Drugs legalisation debate comes to Bristol Arnolfini
Notorious drugs baron Howard Marks is to go head-to-head with Daily Mail journalist Peter Hitchens at the Arnolfini tonight, in a debate about drugs policy.
In front of a 200-strong audience the pair will discuss drugs protocol from two conflicting perspectives, with Marks arguing for the legalisation of recreational drugs, and Hitchens maintaining all drugs are dangerous and the ‘war’ against them has failed.
The event, held as part of the Bristol Festival of Ideas, will see the duo debate drug policy and its effectiveness, and what should happen in the future.
Marks has campaigned for the legalisation of recreational drugs since being released from Terre Haute Penitentiary, Indiana, one of America's most infamous prisons, in April 1995. Described by the Daily Mail as “the most sophisticated drugs baron of all time”, Marks served seven years of a 25-year sentence for drug dealing.
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In an interview with Urban75 in 2001, Marks said the prohibition of cannabis for recreational, medical and industrial use “contravenes Human Rights”.
He said: “The whole idea that you can't take a naturally occurring substance I just don't understand. I really don't.
"Society would be safer if cannabis was legalised. Not so many people would go to prison, not so many kids would get expelled from schools, kids would not be alienated from their parents, and people wouldn't be fired for smoking the drug.
"Quality would also be better. There would be far less impurities, which would make it safer."
Meanwhile journalist, author and broadcaster Hitchens maintains the ‘war on drugs’ has never been a serious one. In his latest book, The War We Never Fought, he argues there has been no 'war’ in earnest since 1971, when a Tory government adopted a Labour plan to implement the Wootton report.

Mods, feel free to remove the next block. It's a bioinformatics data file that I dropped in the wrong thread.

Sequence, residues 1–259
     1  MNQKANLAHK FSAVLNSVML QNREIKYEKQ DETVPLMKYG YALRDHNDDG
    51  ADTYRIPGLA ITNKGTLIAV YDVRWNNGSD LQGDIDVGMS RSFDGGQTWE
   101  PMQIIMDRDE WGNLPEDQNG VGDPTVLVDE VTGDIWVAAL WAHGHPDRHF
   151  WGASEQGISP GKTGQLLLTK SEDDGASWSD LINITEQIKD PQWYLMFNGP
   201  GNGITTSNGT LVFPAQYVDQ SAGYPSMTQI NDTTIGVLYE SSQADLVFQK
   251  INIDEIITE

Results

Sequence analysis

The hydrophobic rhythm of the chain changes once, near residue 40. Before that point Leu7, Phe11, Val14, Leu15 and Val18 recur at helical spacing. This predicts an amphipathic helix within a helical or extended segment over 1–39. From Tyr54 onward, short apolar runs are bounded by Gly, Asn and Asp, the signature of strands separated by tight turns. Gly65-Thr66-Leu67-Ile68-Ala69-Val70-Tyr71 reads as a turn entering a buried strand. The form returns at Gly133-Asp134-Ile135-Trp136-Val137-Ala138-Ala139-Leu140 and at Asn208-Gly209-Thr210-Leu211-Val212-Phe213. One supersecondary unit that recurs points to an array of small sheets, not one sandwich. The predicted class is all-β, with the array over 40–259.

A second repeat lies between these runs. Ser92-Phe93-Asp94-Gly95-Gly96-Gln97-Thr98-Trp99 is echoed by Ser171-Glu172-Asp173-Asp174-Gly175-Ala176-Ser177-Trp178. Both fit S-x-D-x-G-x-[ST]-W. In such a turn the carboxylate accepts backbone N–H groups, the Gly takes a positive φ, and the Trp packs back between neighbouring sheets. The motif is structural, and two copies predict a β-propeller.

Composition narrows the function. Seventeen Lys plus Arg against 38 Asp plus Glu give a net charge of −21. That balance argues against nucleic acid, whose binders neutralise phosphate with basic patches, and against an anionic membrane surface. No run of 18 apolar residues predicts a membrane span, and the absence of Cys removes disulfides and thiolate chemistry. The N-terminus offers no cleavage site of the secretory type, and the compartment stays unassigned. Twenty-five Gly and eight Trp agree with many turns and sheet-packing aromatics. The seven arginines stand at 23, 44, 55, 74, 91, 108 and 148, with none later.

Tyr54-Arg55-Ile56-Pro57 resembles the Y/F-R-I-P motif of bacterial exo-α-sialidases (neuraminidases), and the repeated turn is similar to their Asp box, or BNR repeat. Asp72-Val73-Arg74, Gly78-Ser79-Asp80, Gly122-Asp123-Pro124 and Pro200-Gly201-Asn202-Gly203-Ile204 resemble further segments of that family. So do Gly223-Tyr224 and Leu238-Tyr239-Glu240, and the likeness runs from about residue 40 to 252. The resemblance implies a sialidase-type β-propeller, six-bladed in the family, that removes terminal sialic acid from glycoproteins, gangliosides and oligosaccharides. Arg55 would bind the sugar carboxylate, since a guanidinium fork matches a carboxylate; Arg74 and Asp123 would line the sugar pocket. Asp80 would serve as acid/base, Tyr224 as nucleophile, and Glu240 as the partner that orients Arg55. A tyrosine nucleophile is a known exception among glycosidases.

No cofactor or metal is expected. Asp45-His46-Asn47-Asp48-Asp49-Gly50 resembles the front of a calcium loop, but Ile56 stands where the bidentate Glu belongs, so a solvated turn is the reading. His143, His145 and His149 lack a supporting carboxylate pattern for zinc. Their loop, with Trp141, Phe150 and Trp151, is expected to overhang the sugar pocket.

“The special legal status of cannabis as a supposedly 'soft' drug (in fact, Hitchens argues, the threat it poses to mental health makes it at least as dangerous as heroin and cocaine) began a progressive reduction of penalties for possession, effectively disarming the police,” the book description reads.
In a recent interview with the Guardian Hitchens said he doesn't believe in addiction, while earlier this year he told a committee of MPs he would like to see the government introduce a more hard-line policy on drugs.
Tonight’s debate is part of the Bristol Festival of Ideas, a year-long celebration of theories and concepts. Throughout the year 1,000-plus events are held across the city – from a lecture by food campaigner Hugh Fearnley-Whittingstall to a discussion about what’s next for Britain’s economy.
Tonight Marks and Hitchens will each have a 10 minute slot in which to put forward their case, before the floor is opened to questions and feedback from the audience.
The debate will be chaired by Festival of Ideas director Andrew Kelly. Speaking to This is Bristol, Mr Kelly said: “It’s quite interesting because Peter and Howard know each other well and they do respect each other.
“Both sides have really committed views. Peter does not think drugs should be legalised or decriminalised, and Howard does. So I think there’s going to be no meeting of minds on that. That’s good for the audience because it gives them a lot of choices.”
Mr Kelly said he expected the debate would centre on two key issues – firstly, the decriminalisation and legalisation of drugs, which are “quite different things”, and secondly the research that exists into whether drugs lead to illnesses among users.
“There will be a lot of comments from the audience – we will devote at least 40 minutes to that,” said Mr Kelly.
Tickets for the debate have sold out, but people can sign up to a waiting list and buy tickets in the event any already purchased are returned.
The event will be recorded and the audio uploaded to the festival website in a few days, Mr Kelly said.
To find out more, click here.